timpart wrote:

I think some kind of large FFT algorithm is under development because of the Birthday Beer Challenge. It might not be general enough for your individual requirements though.

Tim

tnchan wrote:Do we have newer FFT algorithm or codes for E16 by now? Cheers, TN

I think some kind of large FFT algorithm is under development because of the Birthday Beer Challenge. It might not be general enough for your individual requirements though.

Tim

Interesting, the "Birthday Beer challenge" was actually inspired by a radio astronomy application as well (Einstein@Home Binary Pulsar Search). I'm pretty confident that any code that would come from this challenge should be applicable in principle to tnchan's problem as well, after some modification. I think the problem that the challenge will address is how to efficiently combine smaller FFTs (computed very fast on the Epiphany with 16 cores in parallel) to compute longer FFTs with a minimum of overhead caused by memory transfers.

HBE

Statistics: Posted by Bikeman — Mon Jun 02, 2014 3:01 pm

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tnchan wrote:

Do we have newer FFT algorithm or codes for E16 by now? Cheers, TN

Do we have newer FFT algorithm or codes for E16 by now? Cheers, TN

I think some kind of large FFT algorithm is under development because of the Birthday Beer Challenge. It might not be general enough for your individual requirements though.

Tim

Statistics: Posted by timpart — Mon Jun 02, 2014 12:40 pm

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Hi Yaniv, thanks again for the explanation. My intended application of Epiphany 16 cores is for radio astronomy signal channelisation by FFT (from time to spectrum). The data set for FFT computation in my application is 2^18 (262144) single dimension of 8bit + 8bit data. I applied the formula you gave in your white paper on 2D image filtering, and found that the max point size for my application to be 2^16 = 65536 without using external memory and I will need to wait for the release of Epiphany 4096 cores (assuming 8KB per memory bank in each core) to do the job without using external memory. Can you confirm that my calculations are correct? In case I use external memory and accept the memory latency, how do I estimate the time taken? Where can I find a sample FFT for real life testing with Epiphany 16?

Statistics: Posted by tnchan — Thu May 08, 2014 7:31 am

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It was quite some time ago, but IIRC, the current Epiphany chip can do up to 1024-point FFT. Thus, if you allow DRAM access, you could do an 1024x1024 image in (1024/16=) 64 batches. Furthermore, one can perform 1D FFT using a 2D FFT engine. This means that, adding a simple intermediate stage, you could use the given method for performing 128x128=16K point FFT, in similar times.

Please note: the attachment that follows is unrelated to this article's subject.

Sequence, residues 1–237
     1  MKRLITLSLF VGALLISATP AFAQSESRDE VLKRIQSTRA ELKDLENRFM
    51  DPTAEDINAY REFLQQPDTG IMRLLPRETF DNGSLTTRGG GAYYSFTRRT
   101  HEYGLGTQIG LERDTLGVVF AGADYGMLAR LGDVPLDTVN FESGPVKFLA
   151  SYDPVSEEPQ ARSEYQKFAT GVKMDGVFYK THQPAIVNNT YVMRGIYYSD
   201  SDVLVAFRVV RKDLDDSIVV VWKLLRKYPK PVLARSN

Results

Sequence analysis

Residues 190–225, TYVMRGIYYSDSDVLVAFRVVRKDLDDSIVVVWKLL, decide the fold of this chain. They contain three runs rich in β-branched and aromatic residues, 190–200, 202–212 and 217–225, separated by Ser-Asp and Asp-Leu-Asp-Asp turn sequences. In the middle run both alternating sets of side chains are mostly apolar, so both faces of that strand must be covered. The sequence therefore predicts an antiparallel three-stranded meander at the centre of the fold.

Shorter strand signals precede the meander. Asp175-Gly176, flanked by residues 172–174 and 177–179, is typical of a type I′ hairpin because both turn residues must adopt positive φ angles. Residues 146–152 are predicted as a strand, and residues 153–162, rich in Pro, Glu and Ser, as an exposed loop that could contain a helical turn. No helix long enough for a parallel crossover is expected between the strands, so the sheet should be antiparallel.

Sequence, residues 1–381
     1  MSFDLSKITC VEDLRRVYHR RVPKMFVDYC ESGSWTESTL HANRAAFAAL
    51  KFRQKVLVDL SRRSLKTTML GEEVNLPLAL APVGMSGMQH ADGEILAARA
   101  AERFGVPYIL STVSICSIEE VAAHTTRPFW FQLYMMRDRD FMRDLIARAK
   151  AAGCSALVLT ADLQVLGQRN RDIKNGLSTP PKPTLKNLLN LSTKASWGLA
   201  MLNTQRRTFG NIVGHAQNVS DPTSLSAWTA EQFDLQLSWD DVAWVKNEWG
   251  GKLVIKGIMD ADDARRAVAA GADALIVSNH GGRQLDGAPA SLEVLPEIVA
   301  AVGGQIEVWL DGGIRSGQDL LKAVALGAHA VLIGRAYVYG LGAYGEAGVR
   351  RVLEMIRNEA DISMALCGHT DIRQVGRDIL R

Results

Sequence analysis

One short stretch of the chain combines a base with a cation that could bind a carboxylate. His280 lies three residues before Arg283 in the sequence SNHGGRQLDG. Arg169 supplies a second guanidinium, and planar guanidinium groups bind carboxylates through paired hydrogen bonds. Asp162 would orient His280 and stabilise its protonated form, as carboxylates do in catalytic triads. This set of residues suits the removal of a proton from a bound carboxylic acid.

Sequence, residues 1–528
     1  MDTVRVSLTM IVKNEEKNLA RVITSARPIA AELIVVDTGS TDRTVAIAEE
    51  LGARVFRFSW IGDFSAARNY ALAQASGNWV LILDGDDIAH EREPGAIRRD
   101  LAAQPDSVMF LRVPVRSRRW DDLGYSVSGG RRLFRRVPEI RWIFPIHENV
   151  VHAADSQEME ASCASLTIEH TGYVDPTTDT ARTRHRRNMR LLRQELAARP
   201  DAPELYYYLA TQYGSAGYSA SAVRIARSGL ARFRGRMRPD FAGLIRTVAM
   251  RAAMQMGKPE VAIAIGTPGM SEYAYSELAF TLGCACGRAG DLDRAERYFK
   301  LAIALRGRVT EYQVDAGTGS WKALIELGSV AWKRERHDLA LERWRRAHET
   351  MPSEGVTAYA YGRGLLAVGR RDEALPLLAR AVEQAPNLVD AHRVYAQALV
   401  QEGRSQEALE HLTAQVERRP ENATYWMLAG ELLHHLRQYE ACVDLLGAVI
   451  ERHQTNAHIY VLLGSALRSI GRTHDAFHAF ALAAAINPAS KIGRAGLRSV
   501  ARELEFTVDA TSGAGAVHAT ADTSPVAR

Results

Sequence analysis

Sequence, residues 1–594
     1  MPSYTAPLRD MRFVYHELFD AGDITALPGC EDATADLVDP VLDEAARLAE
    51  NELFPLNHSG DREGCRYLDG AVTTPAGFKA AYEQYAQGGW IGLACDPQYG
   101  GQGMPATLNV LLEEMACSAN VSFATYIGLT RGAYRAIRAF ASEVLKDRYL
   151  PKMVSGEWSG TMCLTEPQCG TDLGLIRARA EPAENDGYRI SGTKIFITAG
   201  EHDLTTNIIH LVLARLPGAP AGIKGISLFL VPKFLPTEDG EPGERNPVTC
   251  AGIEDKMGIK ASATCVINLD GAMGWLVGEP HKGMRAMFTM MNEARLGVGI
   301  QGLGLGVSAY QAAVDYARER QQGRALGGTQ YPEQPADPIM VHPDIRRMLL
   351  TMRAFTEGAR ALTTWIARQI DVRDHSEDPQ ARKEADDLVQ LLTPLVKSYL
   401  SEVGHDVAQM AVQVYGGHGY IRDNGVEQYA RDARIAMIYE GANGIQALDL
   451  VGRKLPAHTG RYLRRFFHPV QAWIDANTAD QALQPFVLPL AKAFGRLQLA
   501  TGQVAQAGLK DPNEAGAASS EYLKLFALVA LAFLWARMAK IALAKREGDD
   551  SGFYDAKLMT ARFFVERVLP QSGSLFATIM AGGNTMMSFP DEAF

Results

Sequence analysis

Statistics: Posted by ysapir — Sun Apr 27, 2014 7:55 pm

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theover wrote:

you could use FPGA-fabric, or Xilinx' FPGA IP blocks which implement various efficient FFT blocks, also available with the Free Webpack design tools

you could use FPGA-fabric, or Xilinx' FPGA IP blocks which implement various efficient FFT blocks, also available with the Free Webpack design tools

unless you really know what you are doing, i highly discourage this option.

Statistics: Posted by Gravis — Sun Apr 27, 2014 5:05 pm

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Essentially you have a number of options, depending on what type of FFT you want to fit on the limited chips estate. I was looking for a replacement of the PC-power that's available in the Open Source FFTw3 library which compiles on modern Intels, and is also available for Cuda (on NVidia's GPUs).

The Arm cores can do computations on FFTs, possibly accelerated by one or two (I don't know if both cores have it) NEON parallel processing, you could use FPGA-fabric, or Xilinx' FPGA IP blocks which implement various efficient FFT blocks, also available with the Free Webpack design tools, and of course, the 16 or 64 Parallella cores should be usable to lightly-parallelize FFT computations of various dimensionality, speed and size.

T.V.

Statistics: Posted by theover — Sun Apr 27, 2014 3:31 pm

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Hi Yaniv, your paper is very informative and it is a pleasure to read even though I do not have any computer science training or background. Basically I understand the flow of the information and logic and am impressed with the speed of 1.5ms for filtering a 128x128 pixel picture with 2D FFT on 16 cores. Regarding the formula for working out the max FFT point size (the picture or image size) for a given hardware configuration, I presume the formula applies to 2D FFT. Is this true? Will the max FFT point for 1D be the square of 2D? That is, 128 x 128 for 2D = 2^7 x 2^7 = 2^14 for 1D. Thank you for your help? TN

Statistics: Posted by tnchan — Fri Apr 18, 2014 5:45 am

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http://www.adapteva.com/white-papers/us ... hancement/

Statistics: Posted by ysapir — Fri Apr 11, 2014 1:13 pm

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I was looking through FFT libraries a while back and the Fastest Fourier Transform in the South caught my eye as it has a BSD license and it can already generate code for ARM as well as Intel. Perhaps a relatively small step to do Epiphany as well. The algorithms used split the task down recursively I'm hoping it could be split between cores relatively easily.

There are of course many other fine FFT libraries around. I'm not aware of any library being ported to the Epiphany yet. (Corrections welcome!)

Tim

Statistics: Posted by timpart — Fri Apr 11, 2014 11:44 am

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